Council on Dispensational Hermeneutics 2017 – Day 1

I had hoped to publish about my attendence at a council in September 2017, so while it is now been almost 6 months since the event perhaps it’s better late than never. The papers for this council may be even available now at Our Hope (though the site is down currently), so feel free to look up the details of these papers if any of the topics are of interest. In September 2017, I spent two days at Baptist Bible Seminary at Clarks Summit University (South Abington Twp., PA) for the 10th annual meeting of the Council on Dispensational Hermeneutics. This council met in Murphy Memorial Library on the campus of Baptist Bible Seminary. Present were around 15-20 council members and around 10 or so observers. The council began meeting 10 years ago to provide a study group forum for traditional dispensationalists (as opposed to Charismatic, progressive, ultra, or mid-Acts dispensationalists) to discuss theological and interpretive issues within the traditional dispensational world. The theme for this year was the “Glory of God in Dispensationalism”, focused on the third point of Ryrie’s famous sine qua non. 

The meeting began with a brief welcome from the president of Clarks Summit University, Dr. Jim Lytle. He noted how many students even in his own school would come to his institution knowing little to nothing about dispensationalism, even though they may come from dispensational circles. He expressed pleasure at the goals of the meeting and welcomed the council for this event. His welcome was followed by a greeting from the current dean of Baptist Bible Seminary, Dr. Lee Kliewer. He expressed that “great theology leads to doxology,” and to that end he led the group in a brief singing of the Doxology. Given that the Library is a part of an old Roman Catholic facility with great acoustics and aesthetic qualities, this was a good way to begin. 

After a brief introduction from Dr. Mike Stallard, the founder of the council, the morning kicked off with three papers presented. The first was presented by Dr. Bruce Baker (Pastor of Washington County Bible Church, TX) on “A Biblical and Theological Examination of the Glory of God.” This paper sought to better define what is meant by the term “glory of God” especially with reference to Ryrie’s point and with reference to broader theological issues with the doctrine of God. 

The second paper was present by Dr. Doug Brown (Dean of Faith Baptist Theological Seminary, Ankeny, IA), titled the “Glory of God and Dispensationalism.” His presentation focused on 7 premises intended to show and defend that the glory of God in dispensationalism is unique, especially with reference to how the fulfillment of promises to Israel in the coming kingdom brings God glory. 

The third paper of the morning was presented by Dr. Christopher Cone (President of Calvary University, Kansas City, MO). Dr. Cone aimed to give a historical and theological discussion of Reformed and Dispensational theologians in their treatment of the theme of the glory of God and how it relates to redemption. It was a very interesting paper! 

The morning concluded with a panel discussion of each of the three preceding presenters, discussing various issues and questions amongst themselves about their papers and answering questions from other council members. Topics included the distinction between the means and the end, the difference between theory and practice, the relationship of Calvinism to dispensational theology, and considerations about why students seem to be leaving dispensational theology.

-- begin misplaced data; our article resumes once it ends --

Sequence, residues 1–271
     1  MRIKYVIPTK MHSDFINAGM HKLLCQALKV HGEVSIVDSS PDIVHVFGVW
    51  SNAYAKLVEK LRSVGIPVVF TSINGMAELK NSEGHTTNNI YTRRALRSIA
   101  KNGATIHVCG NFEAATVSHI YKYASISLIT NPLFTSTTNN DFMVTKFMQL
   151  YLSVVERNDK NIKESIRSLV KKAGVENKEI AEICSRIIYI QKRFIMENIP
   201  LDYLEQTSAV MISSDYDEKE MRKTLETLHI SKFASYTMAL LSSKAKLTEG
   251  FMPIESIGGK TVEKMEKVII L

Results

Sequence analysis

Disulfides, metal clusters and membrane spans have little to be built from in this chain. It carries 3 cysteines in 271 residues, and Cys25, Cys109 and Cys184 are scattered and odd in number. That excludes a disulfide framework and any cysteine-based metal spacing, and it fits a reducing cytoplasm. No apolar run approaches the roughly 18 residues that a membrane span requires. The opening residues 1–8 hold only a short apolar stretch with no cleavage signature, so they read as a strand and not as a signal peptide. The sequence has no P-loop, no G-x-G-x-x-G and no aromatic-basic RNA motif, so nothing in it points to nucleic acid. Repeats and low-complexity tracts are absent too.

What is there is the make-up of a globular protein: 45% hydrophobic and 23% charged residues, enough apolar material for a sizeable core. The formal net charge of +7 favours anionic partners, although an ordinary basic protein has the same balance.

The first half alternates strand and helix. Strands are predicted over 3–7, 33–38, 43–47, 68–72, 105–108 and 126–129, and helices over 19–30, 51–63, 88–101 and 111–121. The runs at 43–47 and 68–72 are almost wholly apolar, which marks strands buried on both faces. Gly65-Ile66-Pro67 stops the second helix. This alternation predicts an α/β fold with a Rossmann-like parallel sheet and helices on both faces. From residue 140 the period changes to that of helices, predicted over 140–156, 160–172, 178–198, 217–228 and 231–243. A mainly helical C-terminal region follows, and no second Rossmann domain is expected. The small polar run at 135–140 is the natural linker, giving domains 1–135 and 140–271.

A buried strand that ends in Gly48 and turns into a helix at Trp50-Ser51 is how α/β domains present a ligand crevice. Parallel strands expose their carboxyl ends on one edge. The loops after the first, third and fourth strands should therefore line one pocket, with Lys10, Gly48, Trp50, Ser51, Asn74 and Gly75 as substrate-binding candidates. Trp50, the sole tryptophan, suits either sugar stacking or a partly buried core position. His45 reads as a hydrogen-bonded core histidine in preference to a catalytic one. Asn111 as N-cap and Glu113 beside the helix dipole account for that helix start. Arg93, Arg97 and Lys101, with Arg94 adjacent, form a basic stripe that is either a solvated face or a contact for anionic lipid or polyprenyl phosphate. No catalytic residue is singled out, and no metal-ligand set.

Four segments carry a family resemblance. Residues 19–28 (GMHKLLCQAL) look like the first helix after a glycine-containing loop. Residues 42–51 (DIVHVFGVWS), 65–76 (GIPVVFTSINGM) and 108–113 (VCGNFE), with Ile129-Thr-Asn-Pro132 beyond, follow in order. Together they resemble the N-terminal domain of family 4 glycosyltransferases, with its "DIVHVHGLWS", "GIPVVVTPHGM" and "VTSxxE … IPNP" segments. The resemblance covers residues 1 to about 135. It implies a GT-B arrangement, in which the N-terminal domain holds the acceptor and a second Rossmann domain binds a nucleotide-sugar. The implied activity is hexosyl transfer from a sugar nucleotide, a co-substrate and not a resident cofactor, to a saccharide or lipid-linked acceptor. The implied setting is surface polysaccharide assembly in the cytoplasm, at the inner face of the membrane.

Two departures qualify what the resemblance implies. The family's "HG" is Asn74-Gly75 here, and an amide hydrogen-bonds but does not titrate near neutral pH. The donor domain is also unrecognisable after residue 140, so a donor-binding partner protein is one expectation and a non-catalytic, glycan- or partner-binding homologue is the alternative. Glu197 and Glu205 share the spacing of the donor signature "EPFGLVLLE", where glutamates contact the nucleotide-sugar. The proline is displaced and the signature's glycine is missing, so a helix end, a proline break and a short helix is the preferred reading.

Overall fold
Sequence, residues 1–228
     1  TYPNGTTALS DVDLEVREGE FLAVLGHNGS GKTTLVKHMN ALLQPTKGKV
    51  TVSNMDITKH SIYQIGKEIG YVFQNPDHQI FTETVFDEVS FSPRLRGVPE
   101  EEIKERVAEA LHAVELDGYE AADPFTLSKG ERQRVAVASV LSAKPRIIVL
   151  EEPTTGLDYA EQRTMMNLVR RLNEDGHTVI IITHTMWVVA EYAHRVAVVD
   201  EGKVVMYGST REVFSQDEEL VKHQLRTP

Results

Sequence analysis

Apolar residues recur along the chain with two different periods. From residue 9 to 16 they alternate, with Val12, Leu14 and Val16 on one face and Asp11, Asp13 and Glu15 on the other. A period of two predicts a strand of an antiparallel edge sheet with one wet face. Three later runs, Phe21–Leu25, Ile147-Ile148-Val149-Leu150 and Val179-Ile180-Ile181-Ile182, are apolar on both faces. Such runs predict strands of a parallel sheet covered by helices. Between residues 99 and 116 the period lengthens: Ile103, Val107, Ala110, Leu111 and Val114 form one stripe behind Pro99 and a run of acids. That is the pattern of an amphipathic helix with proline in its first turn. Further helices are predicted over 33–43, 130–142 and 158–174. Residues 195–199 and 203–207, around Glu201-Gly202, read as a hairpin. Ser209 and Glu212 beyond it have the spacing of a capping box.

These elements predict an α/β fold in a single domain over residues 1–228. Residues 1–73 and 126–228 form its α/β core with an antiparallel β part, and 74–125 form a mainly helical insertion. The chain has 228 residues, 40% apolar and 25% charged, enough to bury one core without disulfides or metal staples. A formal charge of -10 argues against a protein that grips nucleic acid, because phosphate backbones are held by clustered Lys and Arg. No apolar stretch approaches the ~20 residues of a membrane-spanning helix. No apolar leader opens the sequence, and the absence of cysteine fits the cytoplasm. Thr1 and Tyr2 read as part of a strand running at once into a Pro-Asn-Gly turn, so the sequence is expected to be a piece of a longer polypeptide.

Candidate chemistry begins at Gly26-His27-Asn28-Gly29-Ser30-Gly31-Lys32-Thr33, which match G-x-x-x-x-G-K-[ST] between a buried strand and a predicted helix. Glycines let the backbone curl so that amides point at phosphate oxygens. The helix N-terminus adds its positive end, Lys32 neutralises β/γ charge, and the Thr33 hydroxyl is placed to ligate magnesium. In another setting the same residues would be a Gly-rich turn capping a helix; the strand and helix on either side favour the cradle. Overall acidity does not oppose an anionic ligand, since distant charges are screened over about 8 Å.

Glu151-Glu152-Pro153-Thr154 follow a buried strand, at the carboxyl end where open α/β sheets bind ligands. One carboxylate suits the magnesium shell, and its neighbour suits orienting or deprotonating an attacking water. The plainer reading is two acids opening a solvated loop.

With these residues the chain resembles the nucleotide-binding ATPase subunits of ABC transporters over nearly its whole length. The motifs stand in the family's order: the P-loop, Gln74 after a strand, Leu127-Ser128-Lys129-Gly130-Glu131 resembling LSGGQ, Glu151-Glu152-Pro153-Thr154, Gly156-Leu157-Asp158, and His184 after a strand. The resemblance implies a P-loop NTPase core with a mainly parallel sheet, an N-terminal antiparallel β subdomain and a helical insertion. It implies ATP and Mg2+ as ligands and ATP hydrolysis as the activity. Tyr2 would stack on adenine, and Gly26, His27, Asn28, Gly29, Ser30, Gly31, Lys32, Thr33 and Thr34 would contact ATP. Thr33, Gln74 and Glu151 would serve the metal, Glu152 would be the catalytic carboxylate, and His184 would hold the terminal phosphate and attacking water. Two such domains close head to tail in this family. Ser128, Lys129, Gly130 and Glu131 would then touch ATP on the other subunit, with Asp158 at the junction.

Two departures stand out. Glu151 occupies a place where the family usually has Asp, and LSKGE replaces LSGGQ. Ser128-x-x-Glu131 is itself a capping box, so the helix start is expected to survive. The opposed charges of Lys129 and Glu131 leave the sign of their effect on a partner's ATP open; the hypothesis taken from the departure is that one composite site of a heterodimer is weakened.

After lunch, the afternoon featured two more presentations with more exegetically focused papers. The first presenter was Dr. Mark McGinninss (Professor of Old Testament at Baptist Bible Seminary) who presented a paper on “Israel’s Relationship to the Glory of God in the Psalms.” His presentation systematically summarized references to the word “glory” with reference to God. His goal was to summarize the OT as a whole by using the psalter as a summary in this regard. Some question and answer followed. 

The final session of the day was by Dr. Dave Frederickson (Professor at Western Seminary’s Sacramento Campus, CA). His presentation was on “The Power of Micro-Progressive Revelation: Jesus’ ‘Middle Apocalypse’”, an exegetical discussion of Luke 17:26-37. His presentation was focused on interpreting this passage on its own terms, rather than using the later Olivet Discourse to interpret it. This presentation generated the most question and answer of all thus far, giving the council members an opportunity to seek clarification and gain a better understanding of his position. 

The council then had a dinner break, and would return for a final session that evening. Dr. Mike Stallard (Director of International Ministries for Friends of Israel, Bellmawr, NJ) presented a paper on an early dispensationalist titled “Prophetic Hope in the Writings of Arno C. Gaebelein: A Possible Demonstration of the Doxological Purpose of Biblical History.” Stallard summarized how Gaebelein saw four areas in which the plan for the ages was worked out, viz. creation, the nations, Israel, and the church. There was a good time of discussion as well. 

This concluded the first day of the Council on Dispensational Hermeneutics. Tbe second day there would be more, and I will share that again later!

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